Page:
And Mike, running through nearby Charlestown, armed with a 2X4 to do battle against a gang he didn’t know and had nothing against, compared the sound of his and his friends’ feet to the march of an infantry.
“It was either him or me” was how Basil ended a poem describing a shoot-out.
I’ve never been in a war zone, but I don’t think it’s a stretch to compare one to the streets where my students live when they aren’t behind bars. And like many veterans, my students, too, are physically and mentally scarred: like Mike, after that Charlestown brawl, when he discovered at the age of 13 that he was capable of beating someone nearly to death. Like Harvey, who tried and was unable emotionally, to write about getting shot. All of them, out on the street expect to be ambushed, and are traumatized from witnessing the sudden and violent deaths of friends, siblings, and cousins. My students also lose loved ones to suicide, and some attempt it themselves.
Yes, they are part of the violence; they contribute to this way of life, and many of the younger men, the ones in their twenties, are still seduced by it. But once they hit 30, most of my students want to find their way out. And one way, temporarily, is prison.
Prison, my student Robert wrote, was the first place he ever felt safe. If there were any weapons on the inside, he said, he could be pretty sure they wouldn’t be guns. Suddenly, the fear that had dominated and determined the direction of his life, was gone. Free from fear, Robert was free to begin to discover who he was.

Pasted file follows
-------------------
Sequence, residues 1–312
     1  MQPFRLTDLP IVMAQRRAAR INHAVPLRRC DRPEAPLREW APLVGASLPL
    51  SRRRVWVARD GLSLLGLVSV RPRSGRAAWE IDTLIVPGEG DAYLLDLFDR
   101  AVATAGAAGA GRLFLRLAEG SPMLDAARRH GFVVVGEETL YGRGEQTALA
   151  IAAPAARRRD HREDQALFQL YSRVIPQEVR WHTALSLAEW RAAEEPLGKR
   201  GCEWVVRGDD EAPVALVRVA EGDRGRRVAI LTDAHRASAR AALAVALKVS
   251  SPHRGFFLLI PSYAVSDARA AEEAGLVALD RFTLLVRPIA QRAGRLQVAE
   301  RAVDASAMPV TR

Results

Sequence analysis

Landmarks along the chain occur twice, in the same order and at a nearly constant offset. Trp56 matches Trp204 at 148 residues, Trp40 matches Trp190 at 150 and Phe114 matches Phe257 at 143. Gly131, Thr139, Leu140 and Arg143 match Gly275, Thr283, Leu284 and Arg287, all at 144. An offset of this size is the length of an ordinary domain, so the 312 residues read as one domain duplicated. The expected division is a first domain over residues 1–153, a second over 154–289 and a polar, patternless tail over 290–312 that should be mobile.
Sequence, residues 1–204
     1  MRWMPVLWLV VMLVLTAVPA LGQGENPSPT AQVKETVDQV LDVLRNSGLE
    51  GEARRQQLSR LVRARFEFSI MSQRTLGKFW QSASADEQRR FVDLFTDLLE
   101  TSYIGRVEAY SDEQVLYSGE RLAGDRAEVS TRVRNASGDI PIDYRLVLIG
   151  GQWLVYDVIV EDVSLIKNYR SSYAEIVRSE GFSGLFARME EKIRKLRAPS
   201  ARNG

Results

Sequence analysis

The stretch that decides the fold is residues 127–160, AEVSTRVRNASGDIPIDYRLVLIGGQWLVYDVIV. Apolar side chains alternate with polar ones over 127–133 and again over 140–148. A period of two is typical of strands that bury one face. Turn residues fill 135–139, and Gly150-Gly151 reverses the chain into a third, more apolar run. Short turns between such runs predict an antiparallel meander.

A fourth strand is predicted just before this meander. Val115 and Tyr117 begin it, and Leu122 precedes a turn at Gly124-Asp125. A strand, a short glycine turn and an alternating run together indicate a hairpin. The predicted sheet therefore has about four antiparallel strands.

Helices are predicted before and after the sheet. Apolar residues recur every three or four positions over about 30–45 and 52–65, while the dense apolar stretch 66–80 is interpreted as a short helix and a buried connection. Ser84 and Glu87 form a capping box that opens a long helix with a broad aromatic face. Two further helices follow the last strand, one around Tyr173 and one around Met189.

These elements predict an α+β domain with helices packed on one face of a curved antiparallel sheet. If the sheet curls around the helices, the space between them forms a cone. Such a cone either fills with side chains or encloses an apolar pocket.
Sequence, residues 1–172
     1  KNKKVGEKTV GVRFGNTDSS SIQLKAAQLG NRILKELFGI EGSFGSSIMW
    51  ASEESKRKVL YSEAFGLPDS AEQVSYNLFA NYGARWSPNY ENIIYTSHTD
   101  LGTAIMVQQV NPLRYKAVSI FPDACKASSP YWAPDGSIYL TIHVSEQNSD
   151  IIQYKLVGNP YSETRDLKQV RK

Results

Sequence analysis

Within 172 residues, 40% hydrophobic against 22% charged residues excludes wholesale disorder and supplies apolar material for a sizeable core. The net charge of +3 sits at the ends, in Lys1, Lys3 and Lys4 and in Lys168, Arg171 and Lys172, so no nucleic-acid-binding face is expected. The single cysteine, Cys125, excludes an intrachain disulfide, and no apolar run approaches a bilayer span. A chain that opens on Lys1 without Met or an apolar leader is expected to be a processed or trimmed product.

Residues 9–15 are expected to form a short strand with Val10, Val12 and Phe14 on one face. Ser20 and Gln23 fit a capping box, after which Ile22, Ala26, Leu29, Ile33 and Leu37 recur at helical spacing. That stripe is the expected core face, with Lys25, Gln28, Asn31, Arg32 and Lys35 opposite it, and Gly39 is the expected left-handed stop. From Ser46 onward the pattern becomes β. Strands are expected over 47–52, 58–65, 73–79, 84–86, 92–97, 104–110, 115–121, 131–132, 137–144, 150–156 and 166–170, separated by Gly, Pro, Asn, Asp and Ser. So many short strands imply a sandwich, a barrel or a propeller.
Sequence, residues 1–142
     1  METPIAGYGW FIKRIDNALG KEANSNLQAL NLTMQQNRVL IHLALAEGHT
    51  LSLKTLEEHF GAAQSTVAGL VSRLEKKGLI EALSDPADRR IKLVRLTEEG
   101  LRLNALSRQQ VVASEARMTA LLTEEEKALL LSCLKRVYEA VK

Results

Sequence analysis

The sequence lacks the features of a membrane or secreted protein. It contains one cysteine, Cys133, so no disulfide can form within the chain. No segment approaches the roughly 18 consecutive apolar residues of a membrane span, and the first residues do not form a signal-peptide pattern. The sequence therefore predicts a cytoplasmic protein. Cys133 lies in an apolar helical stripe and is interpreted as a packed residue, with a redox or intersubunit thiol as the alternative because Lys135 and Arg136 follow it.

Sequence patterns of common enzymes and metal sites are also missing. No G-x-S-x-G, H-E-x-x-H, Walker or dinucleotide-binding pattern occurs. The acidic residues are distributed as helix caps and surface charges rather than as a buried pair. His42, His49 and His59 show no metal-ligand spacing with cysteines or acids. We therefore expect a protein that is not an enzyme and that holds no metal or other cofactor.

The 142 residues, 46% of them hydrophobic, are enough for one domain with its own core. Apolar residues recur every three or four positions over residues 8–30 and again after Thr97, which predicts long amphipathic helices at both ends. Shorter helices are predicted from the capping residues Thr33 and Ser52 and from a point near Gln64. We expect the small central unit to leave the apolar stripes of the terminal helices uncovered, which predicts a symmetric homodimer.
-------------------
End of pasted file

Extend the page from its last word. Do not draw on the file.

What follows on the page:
The majority of my students grow up on society’s margins, so a centralized issue like the one on gun control has little bearing on their lives. After all, they purchase their guns illegally. Yes, we should keep guns out their hands, but if the criminals I know had been given no reason to want one they’d have never become criminals in the first place. Implement and fund the social policies and programs that will eradicate the causes for their fear, and my students won’t be condemned to find sanctuary behind prison walls simply because they were too young to know that they would never find it in a gun.
Peggy Rambach is the author of a novel “Fighting Gravity” (Steerforth Press) and the editor of two anthologies published by Paper Journey Press that emerged from her work teaching writing in the social service and health-care sectors. A second novel is forthcoming from Paper Journey Press. You can read her students’ work at http://www.peggyrambach.com.